Factors Influencing Stressor

Please no plagiarism and make sure you are able to access all resource on your own before you bid. One of the references must come from Flamez, B. & Sheperis, C. J. (2015) and/or Sommers-Flanagan, J., & Sommers-Flanagan, R. (2007). I have also attached my discussion rubric so you can see how to make full points. Please respond to all 3 of my classmates separately with separate references for each response. I need this completed by 12/30/18 at 6pm.

Read a selection of your colleagues’ postings. Respond to your colleagues’ postings.

Respond in one or more of the following ways:

· Ask a probing question.

· Share an insight gained from having read your colleague’s posting.

· Offer and support an opinion.

· Validate an idea with your own experience.

· Make a suggestion.

· Expand on your colleague’s posting.

1. Classmate (B. Hun)

Deployment of a Parent

One stressor for a child or adolescent is when their parent receives orders to be deployed.  Depending on their parent’s job (MOS) in the military, they will receive orders a couple months out from their departure.  These deployments are now lasting between nine to 12 months, but can be extended depending on circumstances surrounding the deployment.  For some jobs, such as special forces, their parent could receive notice within 48 hours of departing and could be gone for at least a week to a couple months depending on the mission.  While their parent is gone, the time zone is almost opposite of the child or adolescent’s time zone and the communication is not consistent. 

My father was deployed off and on to Afghanistan twice, Iraq, and Africa starting when I was 14 and ending when I was about 20 years of age.  During this time, it was extremely stressful and I was very emotional for the entire time he was gone.  It was even more stressful when I would not hear from him at night because I knew he would be on a mission.  The worry of not knowing whether he was safe was heartbreaking and kept me on edge, but when I heard from him there was an overwhelming relief and joy.

Factors Influencing Stressor

There is an increase in emotional and behavioral symptoms with children and adolescents who have a parent that is deployed overseas (Lester, Mustillo, & Wadsworth, 2016).  For example, increased levels of anxiety as well as depression and anger are increased in children of parents who are deployed.  It is difficult to understand why they leave to go overseas and why they cannot just stay home until they get older and have those conversations with their parents or counselors.  There are quite a few factors that influence the manifestations of this adjustment including culture or family and societal factors; however, only a couple will be explored in this discussion. 

The stress of a deployment is largely on not knowing whether their parent is safe, not knowing how long they will be gone, and not being able to talk frequently.  Stress increases within children iwhen they are not being included in the conversation of deploying as to what is to be expected and how long the deployment will be (Cromer & Louie, 2014).  For example, often children are not included in the conversation of what is to be expected during the deployment such as missing holidays and birthdays and why their parent has to miss these (Cromer & Louie, 2014).  Knowing what to expect and the reason behind it will help with their stress level not being elevated from fearing the unknown.  Communication during deployment is essential for children and adolescents with both the parent or guardian that is with them as well as with the parent that is deployed (Cromer & Louie, 2014).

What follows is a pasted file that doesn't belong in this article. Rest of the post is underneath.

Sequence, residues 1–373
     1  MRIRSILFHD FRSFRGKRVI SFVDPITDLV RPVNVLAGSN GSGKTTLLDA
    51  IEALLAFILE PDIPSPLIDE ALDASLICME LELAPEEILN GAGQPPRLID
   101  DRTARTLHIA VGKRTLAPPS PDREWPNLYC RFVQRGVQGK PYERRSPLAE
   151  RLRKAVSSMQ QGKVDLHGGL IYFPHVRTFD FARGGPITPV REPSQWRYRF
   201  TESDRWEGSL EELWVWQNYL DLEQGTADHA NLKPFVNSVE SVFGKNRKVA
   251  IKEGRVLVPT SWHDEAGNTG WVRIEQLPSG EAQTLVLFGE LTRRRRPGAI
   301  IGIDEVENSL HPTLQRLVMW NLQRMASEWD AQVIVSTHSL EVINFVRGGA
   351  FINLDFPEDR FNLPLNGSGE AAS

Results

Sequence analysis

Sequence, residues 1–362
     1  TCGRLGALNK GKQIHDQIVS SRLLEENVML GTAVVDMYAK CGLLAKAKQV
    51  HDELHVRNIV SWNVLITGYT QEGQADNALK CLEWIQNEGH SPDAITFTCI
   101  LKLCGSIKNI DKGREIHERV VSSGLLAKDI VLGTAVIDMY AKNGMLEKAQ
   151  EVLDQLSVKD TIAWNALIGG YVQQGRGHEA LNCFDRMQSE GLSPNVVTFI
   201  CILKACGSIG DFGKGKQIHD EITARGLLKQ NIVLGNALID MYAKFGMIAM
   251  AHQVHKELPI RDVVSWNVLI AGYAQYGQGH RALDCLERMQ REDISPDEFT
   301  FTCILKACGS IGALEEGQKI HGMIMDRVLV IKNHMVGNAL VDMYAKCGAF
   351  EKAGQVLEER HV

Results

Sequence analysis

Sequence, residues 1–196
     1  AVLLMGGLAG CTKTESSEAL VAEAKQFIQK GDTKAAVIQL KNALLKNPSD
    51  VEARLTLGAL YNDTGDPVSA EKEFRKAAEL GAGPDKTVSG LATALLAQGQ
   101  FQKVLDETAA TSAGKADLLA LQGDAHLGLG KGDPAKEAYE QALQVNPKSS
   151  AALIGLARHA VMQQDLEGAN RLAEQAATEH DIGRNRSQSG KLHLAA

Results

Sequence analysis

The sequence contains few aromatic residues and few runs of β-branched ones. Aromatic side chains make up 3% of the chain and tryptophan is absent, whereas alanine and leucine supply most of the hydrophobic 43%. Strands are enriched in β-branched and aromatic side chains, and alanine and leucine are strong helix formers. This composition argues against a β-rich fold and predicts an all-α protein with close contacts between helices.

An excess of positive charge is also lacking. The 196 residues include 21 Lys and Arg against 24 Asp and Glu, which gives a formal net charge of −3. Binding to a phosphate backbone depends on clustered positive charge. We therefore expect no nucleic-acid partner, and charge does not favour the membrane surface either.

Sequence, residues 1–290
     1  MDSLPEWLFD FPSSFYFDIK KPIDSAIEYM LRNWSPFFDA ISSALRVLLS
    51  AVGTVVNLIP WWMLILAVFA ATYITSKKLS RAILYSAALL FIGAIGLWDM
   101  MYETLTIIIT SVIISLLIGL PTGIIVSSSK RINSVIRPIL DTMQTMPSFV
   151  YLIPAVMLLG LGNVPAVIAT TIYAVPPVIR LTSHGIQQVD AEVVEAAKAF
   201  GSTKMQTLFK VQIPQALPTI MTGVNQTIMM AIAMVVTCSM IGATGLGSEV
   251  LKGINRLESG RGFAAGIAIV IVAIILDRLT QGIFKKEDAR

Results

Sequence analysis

Difficult Factor to Address

Rebecca, who is 10 years of age, is referred to counseling from her teacher and mom because she is beginning to withdraw from her friends at school; cries herself to sleep every night; and has rage explosions towards her mom at night when she does not hear from her dad.  She blames her dad for “leaving” her with her mom who is hardly home for having to work and spends most of her nights drinking at home.  There are many factors in this scenario that increases Rebecca’s anxiety and depression.  The factor that would be the most difficult for me to address would be frustrations from not being able to communicate with their parent who is deployed. 

Expectations need to be told about the communication most likely not being an everyday thing and explaining it could be because their parent is working or the internet connection is not stable.  This would be difficult because it would need to be told to both the mom and dad.  The communication with the parent that is deployed can either be direct or indirect.  Direct includes talking on the phone or through skype and indirect includes sending letters and/or packages (Cromer & Louie, 2014).  Rebecca can be encouraged to write a letter to her dad when she does not talk with him at night to write down everything she wants to tell him that happened that day. 

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